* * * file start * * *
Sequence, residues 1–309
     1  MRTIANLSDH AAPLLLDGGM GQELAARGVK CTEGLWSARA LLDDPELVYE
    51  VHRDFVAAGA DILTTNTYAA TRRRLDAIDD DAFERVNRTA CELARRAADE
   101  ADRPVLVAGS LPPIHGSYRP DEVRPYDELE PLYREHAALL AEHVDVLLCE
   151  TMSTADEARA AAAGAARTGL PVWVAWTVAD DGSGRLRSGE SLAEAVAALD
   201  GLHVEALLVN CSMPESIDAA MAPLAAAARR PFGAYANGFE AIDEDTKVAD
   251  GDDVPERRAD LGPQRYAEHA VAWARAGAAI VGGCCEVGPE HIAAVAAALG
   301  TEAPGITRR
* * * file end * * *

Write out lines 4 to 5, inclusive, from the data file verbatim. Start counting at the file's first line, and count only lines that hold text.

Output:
   101  ADRPVLVAGS LPPIHGSYRP DEVRPYDELE PLYREHAALL AEHVDVLLCE
   151  TMSTADEARA AAAGAARTGL PVWVAWTVAD DGSGRLRSGE SLAEAVAALD